Catalina Island News

Something's Always Blooming on Catalina Island


Ah, spring! Lengthening days, blustery breezes, warm sunshine, songs and poems of love. Even in Southern California, where seasonal changes are subtle, spring signals a feeling of renewal as our coastal sage scrub landscape greens up. This spring, after good drenching rains following a period of drought, Santa Catalina Island is utterly beautiful in a drape of multi-hued green.

Upon the verdant backdrop, spring wildflowers grace the island in temporal waves of color. The waves begin in late January or early February with delicate pink Shooting Stars, February's flower, in masses on grassy open hillsides. The first Wild hyacinths, or Blue dicks, wind up through the cactus and scrubby sagebrush, followed by bright yellow Johnny jump-ups and flaming orange Paintbrush. March brings deep blue Arroyo lupine along roadsides and on the hills, yellow Goldfields and Tidy tips in masses, and creamy white Milk maids in the cool moist canyons. By April, the deeply fragrant wild California rose blossoms bright pink in moist lowlands, exquisite Mariposa lily flourishes in grassland, chaparral, and coastal sage scrub, and California golden poppy and Island poppy highlight nearly every landscape.

These harbingers of spring, the stuff of poets and lovers, are so much more than just beautiful natural organisms to behold. Experts estimate that there are over 240,000 species of wild, flowering plants worldwide. Catalina has about 430 native plant species. For these native plants, flowers = fertility. Flowers are the gaudy, smelly, nectar filled treasure traps that draw pollinators to the reproductive parts of a plant. Flowers and their pollinators illustrate that for which nature is so celebrated: relationships that form the web of life.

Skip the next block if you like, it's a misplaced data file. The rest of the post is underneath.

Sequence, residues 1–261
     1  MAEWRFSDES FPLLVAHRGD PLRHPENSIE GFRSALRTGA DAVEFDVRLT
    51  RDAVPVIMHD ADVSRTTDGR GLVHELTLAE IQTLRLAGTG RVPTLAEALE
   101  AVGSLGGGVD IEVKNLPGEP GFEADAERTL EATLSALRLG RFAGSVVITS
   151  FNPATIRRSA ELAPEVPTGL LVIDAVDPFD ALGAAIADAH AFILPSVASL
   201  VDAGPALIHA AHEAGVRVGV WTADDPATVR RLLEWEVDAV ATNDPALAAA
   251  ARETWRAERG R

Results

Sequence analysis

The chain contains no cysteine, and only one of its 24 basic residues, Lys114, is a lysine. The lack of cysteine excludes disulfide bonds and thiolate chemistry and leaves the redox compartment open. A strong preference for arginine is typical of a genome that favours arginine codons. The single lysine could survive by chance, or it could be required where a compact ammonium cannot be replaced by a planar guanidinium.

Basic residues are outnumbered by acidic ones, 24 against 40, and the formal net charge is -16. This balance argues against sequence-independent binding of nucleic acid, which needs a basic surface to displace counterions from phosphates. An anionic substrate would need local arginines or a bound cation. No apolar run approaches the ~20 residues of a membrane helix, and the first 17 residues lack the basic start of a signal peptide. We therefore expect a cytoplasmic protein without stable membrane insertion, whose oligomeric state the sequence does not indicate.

Pollinators determine everything about a flower: scent, color, shape, and time of bloom. Ninety one percent of the world's flowering plants are pollinated by animals. Most of the work, at least 88%, is done by insects, especially beetles and bees. California poppies are largely pollinated by beetles that gorge on easy to reach pollen and then don't have to go far to drop some on the next flower. Butterflies and moths, attracted to tube shaped, nectar holding flowers like Heart leaf penstemmon and Island snapdragon, pollinate about 8% of plant species. Vertebrates, birds and bats in particular, pollinate less than 1% of all plant species.

Plants, the foundation of all life, dispersed from the mainland to Catalina on the wind, on the ocean's waves and in the bellies of birds. Their arrival and survival made the island hospitable for land animals. Survival of these plants required the near simultaneous arrival of their pollinators. A hike in Catalina's hills or at the beaches in spring is a testament to thriving relationships. A voyeur peeking into almost any flower will find that it is being actively mined for pollen or nectar or both.

What we refer to as wildflowers are generally those low-to-the ground plants without woody stems that grow and bloom for a short time each year, usually in spring or early summer. But, the list of flowering plants is much longer and includes many trees and shrubs. The Catalina endemic Ironwood, a plant unique to this island, flowers in masses of tiny fragrant white flowers. It is a member of the rose family as is the Catalina cherry tree. Both bloom in late spring and are so attractive to bees and flower-loving flies that a walk in an Ironwood or Cherry woodland is a naturally noisy respite from town-sounds.

Catalina is home to at least seven kinds flowering plants found only on this island and another 25 or so that are endemic to the California Channel Islands. These very rare plants with such a limited range give Santa Catalina and the other Channel Islands special status as biodiversity hotspots. Protecting these special places is no simple task.

The Catalina Island Conservancy has spent the past several years doing the hard work of removing feral pigs and goats from the island. Without natural predators, the animals had multiplied to such a point that they had significantly degraded the island's ecosystems. This year, with the removal almost complete, the display of wildflowers and regrowth of woodlands seems to highlight a conservation success. Regular scientific monitoring will document how the island's natural communities respond.

Meantime, we don't need to wait for data trends to tell us that spring is gorgeous on the island. All we need do is get out there. As Luther Burbank said, "Flowers always make people better, happier and more helpful; they are sunshine, food and medicine to the soul." Come into Catalina's interior and nourish your soul!

Deb Jensen